On Almost Skipping SLU
About 25 schools that fit my college search criteria popped up on the computer screen, and among them was St. Lawrence and one of the other three universities in the North Country (of course, I was naïve of the rivalries back then). I planned the trip—two college tours and an interview in one day—and set out at sunrise for the first of many voyages through the Adirondacks. I first arrived at the other university for a tour of campus. Everyone had told me, “You will just know when you step onto your perfect campus.” When I didn’t get that feeling on the first tour, I climbed back into the car and I proposed that we head back home; I didn’t feel like another college trip that day and offered to just skip SLU.
Crazy, right? Like I said: naïve.
Of course, parents know best, and next thing I knew I was gallivanting around St. Lawrence, this place I now consider a second home. I made two more trips back to Canton before the big decision day. I’m not sure if my subsequent trips were due to my procrastination in making a life-changing decision and my chronic indecisiveness, or just because I subconsciously knew I loved this place and didn’t want to wait another year before I could actually be on campus again. I think my parents got a kick out of the fact that the one place I visited most before paying my deposit was the place I was ready to skip over on the first round.
Now that I'm here, and have been a few years, there are days when I realize just how thankful I am that I didn’t play hooky for my first tour of SLU. The people I’ve met, the transformations I have experienced on a personal and academic level and the opportunities I have been afforded are all aspects of being a Laurentian that I could not have expected to find elsewhere. On this picturesque and dynamic campus, I constantly find myself taking a second to stop amid the energetic lifestyle of our tight-knit community to realize that there is no place I would rather be. Be it fall, the long winter, or short spring, the beauty of the place and people that fill this campus with so much character, vitality and possibility always amazes me.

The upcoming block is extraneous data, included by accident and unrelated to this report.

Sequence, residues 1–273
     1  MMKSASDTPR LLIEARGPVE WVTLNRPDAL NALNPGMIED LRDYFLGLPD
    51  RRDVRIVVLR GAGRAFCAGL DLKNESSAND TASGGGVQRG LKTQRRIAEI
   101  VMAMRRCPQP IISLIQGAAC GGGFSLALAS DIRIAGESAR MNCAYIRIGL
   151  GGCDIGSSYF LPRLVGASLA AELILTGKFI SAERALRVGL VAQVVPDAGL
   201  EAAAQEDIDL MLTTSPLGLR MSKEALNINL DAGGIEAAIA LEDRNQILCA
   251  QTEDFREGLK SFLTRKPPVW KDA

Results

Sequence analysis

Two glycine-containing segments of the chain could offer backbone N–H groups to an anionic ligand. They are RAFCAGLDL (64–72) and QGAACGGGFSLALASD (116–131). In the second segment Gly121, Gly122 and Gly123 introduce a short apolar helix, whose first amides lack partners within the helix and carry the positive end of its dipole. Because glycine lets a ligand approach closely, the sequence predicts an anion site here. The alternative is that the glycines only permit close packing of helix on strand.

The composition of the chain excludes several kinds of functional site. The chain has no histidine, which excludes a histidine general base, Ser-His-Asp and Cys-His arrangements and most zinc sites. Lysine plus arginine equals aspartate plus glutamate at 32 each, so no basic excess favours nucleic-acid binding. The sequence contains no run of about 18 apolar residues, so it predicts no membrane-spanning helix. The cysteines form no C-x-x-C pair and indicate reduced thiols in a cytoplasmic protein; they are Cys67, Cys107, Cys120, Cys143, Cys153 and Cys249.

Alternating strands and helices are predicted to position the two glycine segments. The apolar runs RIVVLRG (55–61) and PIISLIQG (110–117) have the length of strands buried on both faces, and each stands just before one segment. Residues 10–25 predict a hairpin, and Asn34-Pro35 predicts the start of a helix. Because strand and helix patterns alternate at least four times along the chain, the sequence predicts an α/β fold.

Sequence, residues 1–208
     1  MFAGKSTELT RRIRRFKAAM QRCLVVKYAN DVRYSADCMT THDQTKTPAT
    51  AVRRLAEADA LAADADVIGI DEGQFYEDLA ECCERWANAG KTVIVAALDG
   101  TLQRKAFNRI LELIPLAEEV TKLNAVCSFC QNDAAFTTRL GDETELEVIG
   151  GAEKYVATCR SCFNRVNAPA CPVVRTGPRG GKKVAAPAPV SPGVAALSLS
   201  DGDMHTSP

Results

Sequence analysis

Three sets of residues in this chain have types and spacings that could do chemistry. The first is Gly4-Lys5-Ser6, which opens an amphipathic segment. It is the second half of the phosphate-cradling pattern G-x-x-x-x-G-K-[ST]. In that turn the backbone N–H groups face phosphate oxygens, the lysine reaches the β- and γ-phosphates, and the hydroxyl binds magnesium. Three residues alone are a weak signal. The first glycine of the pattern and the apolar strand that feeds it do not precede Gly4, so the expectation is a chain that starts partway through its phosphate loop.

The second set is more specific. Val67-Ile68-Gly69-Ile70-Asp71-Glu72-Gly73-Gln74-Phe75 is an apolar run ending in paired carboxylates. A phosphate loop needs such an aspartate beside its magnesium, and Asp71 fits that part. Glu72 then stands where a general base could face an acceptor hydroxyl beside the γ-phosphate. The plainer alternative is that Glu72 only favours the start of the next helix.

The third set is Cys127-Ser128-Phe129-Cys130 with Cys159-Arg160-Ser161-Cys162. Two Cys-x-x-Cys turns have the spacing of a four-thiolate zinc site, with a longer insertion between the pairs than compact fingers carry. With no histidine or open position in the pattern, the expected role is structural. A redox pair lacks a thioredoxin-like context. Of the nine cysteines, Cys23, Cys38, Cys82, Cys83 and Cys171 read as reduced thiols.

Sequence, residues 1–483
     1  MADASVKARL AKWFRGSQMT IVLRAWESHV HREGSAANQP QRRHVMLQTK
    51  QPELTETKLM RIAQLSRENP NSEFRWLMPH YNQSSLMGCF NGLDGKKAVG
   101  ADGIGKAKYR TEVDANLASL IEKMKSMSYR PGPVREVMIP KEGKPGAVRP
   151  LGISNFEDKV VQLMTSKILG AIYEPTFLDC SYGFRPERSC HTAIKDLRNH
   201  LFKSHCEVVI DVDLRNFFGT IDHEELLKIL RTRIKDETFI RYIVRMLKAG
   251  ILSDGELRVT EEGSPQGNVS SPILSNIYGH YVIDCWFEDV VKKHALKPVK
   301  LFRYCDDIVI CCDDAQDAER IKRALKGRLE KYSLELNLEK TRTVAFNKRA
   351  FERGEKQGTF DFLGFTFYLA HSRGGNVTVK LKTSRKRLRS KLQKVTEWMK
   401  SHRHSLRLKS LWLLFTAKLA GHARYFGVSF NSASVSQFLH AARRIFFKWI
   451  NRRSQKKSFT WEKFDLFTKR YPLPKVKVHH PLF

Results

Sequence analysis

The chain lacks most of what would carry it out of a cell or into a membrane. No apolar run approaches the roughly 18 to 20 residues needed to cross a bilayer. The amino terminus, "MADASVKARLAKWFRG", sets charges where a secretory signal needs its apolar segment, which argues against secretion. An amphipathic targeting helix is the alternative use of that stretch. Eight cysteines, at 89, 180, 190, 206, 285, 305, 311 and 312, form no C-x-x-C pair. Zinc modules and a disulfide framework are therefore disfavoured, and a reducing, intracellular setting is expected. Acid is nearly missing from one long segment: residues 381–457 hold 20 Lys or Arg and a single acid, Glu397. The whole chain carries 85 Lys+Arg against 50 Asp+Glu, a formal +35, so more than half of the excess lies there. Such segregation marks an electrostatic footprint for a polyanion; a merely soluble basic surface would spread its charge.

Whether I’m crammed into the student section at a SLU vs. Clarkson game, meeting prospective students, climbing the Adirondacks on Peak Weekend, biting into a fresh Pub cookie (which I try to make a special rather than regular occasion), sitting in class alongside diverse students and learning from inspiring professors, running into alumni when I least expect it, walking through campus late at night after hours of studying, or just strapping up a hammock outside, I realize that this is my kind of perfection, my kind of college paradise, my kind of home.